Archives for August, 2012
Based on research, people in general are happier and have a greater sense of well-being the less time they spend alone. A recent study adds to that understanding. People who engage in more meaningful conversations, rather than small talk, have a greater sense of well-being. But small talk may be the path to having those deeper conversations. You may need to have small talk to move on to closer relationships. For emotionally sensitive people, this is a difficult issue. Small talk can seem meaningless. Engaging in small talk, unpleasant for most, can feel as miserable as a migraine for the emotionally sensitive. Yet it's not likely that you can meet a new friend for coffee and then immediately discuss your shame about the affair you had last year or even how inadequate you feel around the have-it-all-together neighbors. It happens, but it's not likely.
Medicine has had its moments of magic, like the polio vaccine and penicillin, where the discovery practically wiped out a major health problem. Some believe the "magic" of medicine may have reached its limit and advancement now will be in people actively working to prevent illness through the choices they make, such as nutrition and exercise. The moments of magic may have misled many people into being passive about their healthcare and constantly looking for a new approach or a new medication without careful thought as to how the new treatment makes sense and why the old treatment isn't working. People often ask, "What did the doctor do?" rather than "What are you doing?" when change is needed.
All the work our body does during sleep is still a mystery. We are just beginning to understand some of the reasons sleep is so important to us. There are many ways that lack of sleep affects our functioning and our health. 1. Obesity. One study found that by age 27, those who sleep less than six hours a night are 7.5 times more likely to have an unhealthy Body Mass Index, and other studies support the connection between short sleep hours and being overweight. The connection is related to the effect of sleep loss on the hormones that control appetite. . 2. The ability to make decisions, even simple ones, or recall obvious facts drops off severely. For example, exhaustion appears to be related to numerous tragedies and accidents that occur in the military and in the private sector. Investigations into the March 2005 refinery explosion in Texas City, a suburb of Houston, found many reasons for the explosion, including workers who were so sleep-deprived that their brains were unable to recognize the signs that they were nearing a major catastrophe. In 2010, many international oil companies agreed to install a fatigue management system at every major plant.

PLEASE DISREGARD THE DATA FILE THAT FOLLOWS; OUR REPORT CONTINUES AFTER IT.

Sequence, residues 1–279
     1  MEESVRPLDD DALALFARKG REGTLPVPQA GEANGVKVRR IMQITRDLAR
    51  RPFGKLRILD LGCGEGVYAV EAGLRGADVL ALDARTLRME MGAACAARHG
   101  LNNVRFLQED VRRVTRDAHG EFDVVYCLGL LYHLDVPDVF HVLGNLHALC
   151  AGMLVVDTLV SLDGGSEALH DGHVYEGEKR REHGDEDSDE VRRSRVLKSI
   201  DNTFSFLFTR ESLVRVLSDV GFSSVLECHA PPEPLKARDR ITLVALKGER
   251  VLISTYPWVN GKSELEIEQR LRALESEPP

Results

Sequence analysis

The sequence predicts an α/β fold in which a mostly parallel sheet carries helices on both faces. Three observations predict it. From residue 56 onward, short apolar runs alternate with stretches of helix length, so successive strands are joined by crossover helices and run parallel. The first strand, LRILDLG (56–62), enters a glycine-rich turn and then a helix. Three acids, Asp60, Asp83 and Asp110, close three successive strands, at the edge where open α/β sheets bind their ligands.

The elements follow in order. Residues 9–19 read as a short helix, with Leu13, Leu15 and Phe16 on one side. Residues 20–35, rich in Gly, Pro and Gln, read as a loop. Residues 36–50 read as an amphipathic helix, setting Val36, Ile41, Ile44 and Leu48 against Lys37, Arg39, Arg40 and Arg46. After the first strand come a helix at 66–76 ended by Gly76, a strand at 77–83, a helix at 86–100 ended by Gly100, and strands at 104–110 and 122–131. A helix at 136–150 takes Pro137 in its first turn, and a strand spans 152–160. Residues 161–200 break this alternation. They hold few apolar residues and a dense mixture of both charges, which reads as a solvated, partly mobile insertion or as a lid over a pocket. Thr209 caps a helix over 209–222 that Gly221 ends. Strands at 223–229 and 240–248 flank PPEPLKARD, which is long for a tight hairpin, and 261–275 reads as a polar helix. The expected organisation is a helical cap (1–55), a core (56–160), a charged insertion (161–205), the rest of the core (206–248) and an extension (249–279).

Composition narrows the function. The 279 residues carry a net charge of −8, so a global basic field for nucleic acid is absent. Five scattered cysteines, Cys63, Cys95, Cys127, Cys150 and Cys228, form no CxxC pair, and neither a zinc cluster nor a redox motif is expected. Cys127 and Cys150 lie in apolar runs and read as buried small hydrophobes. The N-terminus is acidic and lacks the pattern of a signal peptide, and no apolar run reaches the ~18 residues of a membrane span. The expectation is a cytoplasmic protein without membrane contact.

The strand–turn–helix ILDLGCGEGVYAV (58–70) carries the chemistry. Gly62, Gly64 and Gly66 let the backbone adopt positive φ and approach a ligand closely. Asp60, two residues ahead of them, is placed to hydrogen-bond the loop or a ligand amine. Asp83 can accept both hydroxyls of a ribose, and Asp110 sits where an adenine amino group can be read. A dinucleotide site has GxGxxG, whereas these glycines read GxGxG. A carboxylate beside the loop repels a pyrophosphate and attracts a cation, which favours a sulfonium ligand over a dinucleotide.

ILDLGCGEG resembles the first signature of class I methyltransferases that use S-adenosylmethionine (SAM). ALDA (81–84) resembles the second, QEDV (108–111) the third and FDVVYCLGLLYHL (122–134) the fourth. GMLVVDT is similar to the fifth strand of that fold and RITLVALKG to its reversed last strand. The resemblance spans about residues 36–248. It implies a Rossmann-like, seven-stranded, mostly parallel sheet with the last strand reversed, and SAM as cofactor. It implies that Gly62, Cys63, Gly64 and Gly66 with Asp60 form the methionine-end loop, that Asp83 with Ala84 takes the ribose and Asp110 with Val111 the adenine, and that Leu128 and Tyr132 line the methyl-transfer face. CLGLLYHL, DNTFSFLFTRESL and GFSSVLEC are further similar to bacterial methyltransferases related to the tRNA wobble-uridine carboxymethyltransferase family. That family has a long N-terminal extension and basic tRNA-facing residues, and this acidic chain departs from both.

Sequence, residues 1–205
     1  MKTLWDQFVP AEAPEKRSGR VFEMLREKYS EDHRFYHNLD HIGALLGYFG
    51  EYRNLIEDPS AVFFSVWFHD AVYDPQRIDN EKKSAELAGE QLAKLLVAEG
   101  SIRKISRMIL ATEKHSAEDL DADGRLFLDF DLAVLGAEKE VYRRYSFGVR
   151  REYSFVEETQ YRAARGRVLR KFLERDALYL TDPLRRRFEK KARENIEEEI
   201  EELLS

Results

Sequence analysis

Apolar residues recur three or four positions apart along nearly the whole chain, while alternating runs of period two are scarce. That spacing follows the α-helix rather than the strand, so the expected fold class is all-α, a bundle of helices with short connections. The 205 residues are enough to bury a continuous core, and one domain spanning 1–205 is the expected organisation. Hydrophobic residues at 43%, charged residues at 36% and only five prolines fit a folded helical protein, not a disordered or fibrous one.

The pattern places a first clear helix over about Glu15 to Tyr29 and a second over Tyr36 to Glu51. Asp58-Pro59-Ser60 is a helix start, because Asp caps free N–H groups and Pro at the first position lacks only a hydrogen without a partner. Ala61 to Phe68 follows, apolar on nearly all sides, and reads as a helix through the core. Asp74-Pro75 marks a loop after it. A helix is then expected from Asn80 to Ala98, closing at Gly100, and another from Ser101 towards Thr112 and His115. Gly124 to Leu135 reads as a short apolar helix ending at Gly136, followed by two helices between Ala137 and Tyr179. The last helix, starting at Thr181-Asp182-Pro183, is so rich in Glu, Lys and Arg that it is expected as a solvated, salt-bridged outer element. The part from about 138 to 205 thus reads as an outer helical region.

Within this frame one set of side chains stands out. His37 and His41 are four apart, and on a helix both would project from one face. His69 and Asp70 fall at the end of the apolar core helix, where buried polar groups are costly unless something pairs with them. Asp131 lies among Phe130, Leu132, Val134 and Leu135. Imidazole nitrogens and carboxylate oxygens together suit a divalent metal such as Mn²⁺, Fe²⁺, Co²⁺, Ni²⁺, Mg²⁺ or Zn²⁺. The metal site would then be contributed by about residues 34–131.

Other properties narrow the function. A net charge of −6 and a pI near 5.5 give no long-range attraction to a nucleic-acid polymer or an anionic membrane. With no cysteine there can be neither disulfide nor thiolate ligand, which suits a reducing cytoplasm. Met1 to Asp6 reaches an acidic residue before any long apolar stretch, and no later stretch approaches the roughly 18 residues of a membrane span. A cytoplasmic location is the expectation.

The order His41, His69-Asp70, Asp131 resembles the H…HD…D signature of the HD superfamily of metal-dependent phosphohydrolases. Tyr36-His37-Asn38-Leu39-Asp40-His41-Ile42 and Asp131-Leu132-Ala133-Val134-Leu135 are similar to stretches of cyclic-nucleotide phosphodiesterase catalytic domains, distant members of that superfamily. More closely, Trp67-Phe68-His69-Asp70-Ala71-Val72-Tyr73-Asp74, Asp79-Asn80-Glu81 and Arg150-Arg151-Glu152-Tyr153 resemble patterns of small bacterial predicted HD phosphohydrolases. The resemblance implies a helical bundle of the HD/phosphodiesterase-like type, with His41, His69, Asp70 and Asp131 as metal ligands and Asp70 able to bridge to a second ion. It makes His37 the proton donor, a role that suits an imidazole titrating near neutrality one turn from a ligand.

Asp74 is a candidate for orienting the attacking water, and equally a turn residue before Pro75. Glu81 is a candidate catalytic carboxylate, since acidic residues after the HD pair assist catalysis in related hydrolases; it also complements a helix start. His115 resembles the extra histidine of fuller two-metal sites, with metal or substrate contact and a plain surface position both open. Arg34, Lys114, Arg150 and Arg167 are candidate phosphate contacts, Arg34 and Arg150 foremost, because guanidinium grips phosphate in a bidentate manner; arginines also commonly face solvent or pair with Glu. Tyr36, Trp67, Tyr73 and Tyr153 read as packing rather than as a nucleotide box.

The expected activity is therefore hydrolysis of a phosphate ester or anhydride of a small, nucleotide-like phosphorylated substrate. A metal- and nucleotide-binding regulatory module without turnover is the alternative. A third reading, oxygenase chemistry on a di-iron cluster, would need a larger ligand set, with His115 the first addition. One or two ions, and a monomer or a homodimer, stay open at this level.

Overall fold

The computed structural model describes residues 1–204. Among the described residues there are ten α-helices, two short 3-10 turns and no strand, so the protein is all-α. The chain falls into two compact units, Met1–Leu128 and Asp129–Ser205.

Children learn words for things from others, maybe the adults in their lives or older siblings or friends. Mom might point to an animal and say "dog." The child then points to a horse and says "dog" and Mom says, "No, that's a horse." Children are not born knowing the names of emotions. They learn their emotions in much the same way as they learn the names of animals. When adults are careful and label emotions accurately, the process works smoothly. When the family is not comfortable with emotions, they may mislabel, omit, or refuse to recognize certain emotions and the child doesn't learn to accurately label his emotions. Being able to label your emotions is a step in being able to manage them. There are several ways to identify what emotion you are experiencing.
It's no surprise that managing your emotions is an important part of happiness. Even though it's not easy, the good news is that regulating emotions can be learned. The first step in regulating is becoming aware of what triggers your emotions and what emotions you are experiencing. Knowing the Cause Part of understanding what you are feeling is knowing the reason for the emotion. Let's say you are feeling fear. If you believe the fear means something horrible is about to happen, you will build it up. If you can identify what is about to happen that is scary, then you can take action, such as buying water and boarding up the windows for an anticipated hurricane. If you realize the fear is because someone you love is going into surgery tomorrow, then you will know your fear is based on fact, and you know it is time-limited. The information as to what the fear is about helps you act on the emotion, not just sit with the fear and have the fear build on itself, and taking appropriate action seems to help regulate the emotion.